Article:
Belinda Stronach has had incarnations galore in her remarkable life. The list includes auto-parts magnate, elected politician, horse-racing executive, beauty-products entrepreneur and, now, defendant in a sensational lawsuit launched by her loving father, Frank Stronach, the irascible old billionaire who built the Magna International car-parts empire.
Family feuds are more common than you think and almost always end in tears, or worse, after lawyers on both sides skim off millions from the family fortunes. Think the Koch brothers, and Barry Sherman, the late Canadian pharmaceuticals billionaire who had several suits filed against him by his cousins, and the wine-making Gallo brothers, whose crippling legal battles would go on for decades.
In ancient, medieval or baroque eras, family feuds were often settled with the slash of a sword or the drip of poison; in today’s less efficient times the weapon of choice is the courts, generally a last-resort option embraced after years of unpleasant family dinners that failed to end in a truce.
We now know that the rumours of a rift between Ms. Stronach and Mr. Stronach were not made up and that their efforts to reach a discreet settlement, away from the media glare, have utterly failed. On Oct. 1, Mr. Stronach, who is 86 and lives in his native Austria, filed a suit in the Ontario Superior Court of Justice in Toronto that alleges his 52-year-old daughter mismanaged the family’s assets and trust funds and conspired to eliminate any control he had over the family fortune he created.
Mr. Stronach’s legal team said the lawsuit was launched “as a last resort, after having made considerable efforts over a period of almost two years to resolve the matters at issue on a consensual basis.”
Mr. Stronach is seeking some $520-million from Ms. Stronach and her perceived allies for breach of fiduciary trust, losses and harm, and punitive damages. The lawsuit alleges “a complete breakdown” within the Stronach family, with Mr. Stronach’s wife, Elfriede, named as a co-plaintiff and Ms. Stronach’s two children, Frank and Nicole Walker, rounding off the list of co-defendants. Elfriede happens to be Ms. Stronach’s mother, giving this battle the makings of a full-on generational war.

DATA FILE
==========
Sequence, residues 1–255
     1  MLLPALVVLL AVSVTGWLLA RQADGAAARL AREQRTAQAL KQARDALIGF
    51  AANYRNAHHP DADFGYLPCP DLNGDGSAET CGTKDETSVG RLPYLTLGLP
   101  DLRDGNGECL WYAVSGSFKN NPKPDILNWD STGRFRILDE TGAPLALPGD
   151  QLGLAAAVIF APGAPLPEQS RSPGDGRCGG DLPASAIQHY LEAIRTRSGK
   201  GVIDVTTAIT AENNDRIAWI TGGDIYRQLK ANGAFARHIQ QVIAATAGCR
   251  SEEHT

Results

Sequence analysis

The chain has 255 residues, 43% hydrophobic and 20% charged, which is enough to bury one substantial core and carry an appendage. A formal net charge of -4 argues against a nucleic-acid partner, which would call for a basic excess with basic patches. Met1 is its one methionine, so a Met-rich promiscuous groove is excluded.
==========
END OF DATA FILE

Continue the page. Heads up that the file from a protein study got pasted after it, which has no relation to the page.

None of these allegations have been tested in court.
For decades, there was little public hint of any tension between Mr. Stronach and Ms. Stronach and both seemed tolerating, even encouraging, of each other’s eccentricities and picaresque forays beyond the core auto-parts business.
However, a former Magna insider, to whom The Globe and Mail has granted anonymity because he maintains a relationship with members of the Stronach family, said that Mr. Stronach, as the adoring father and mentor, had a Pygmalion-like relationship with Ms. Stronach; he was always pushing her into ever more challenging roles within Magna and involving his outside interests, such as publishing and politics, in the hopes she would blossom. The source said the effort didn’t always work, noting that her tenure as Magna’s boss was both short and undistinguished.
Mr. Stronach, who emigrated to Canada in 1954, was the founder and builder of Magna, which would become one of the world’s biggest auto-parts companies, eventually assembling entire cars for top-tier automakers, such as BMW.
He paid himself lavishly, worked hard and played hard. He owned a few Toronto bars and restaurants, one of which was called Belinda’s, suggesting that his daughter was the apple of his eye. He once owned a media group and a glossy magazine called Vista (launched in 1988) that didn’t last long, picked up a lot of real estate and turned his love for horse racing and gambling into a separate empire that exists to this day. Held under The Stronach Group (TSG), its vast array of assets includes some of the United States' top racetracks, among them Santa Anita, Gulfstream and Pimlico.
His eccentric ride, which seemed to please and anger shareholders in equal measure, saw him make a losing 2007 bid for Chrysler and, a couple of years later, a losing bid for Opel, which was then owned by General Motors. About the same time, he invited Oleg Deripaska, said to be Russian President Vladimir Putin’s favourite oligarch, to become a significant investor in Magna. (Mr. Derispaska, who would land on the U.S. Treasury’s sanctions list under the Donald Trump presidency, unwound his Magna investment in the 2008 financial crisis.)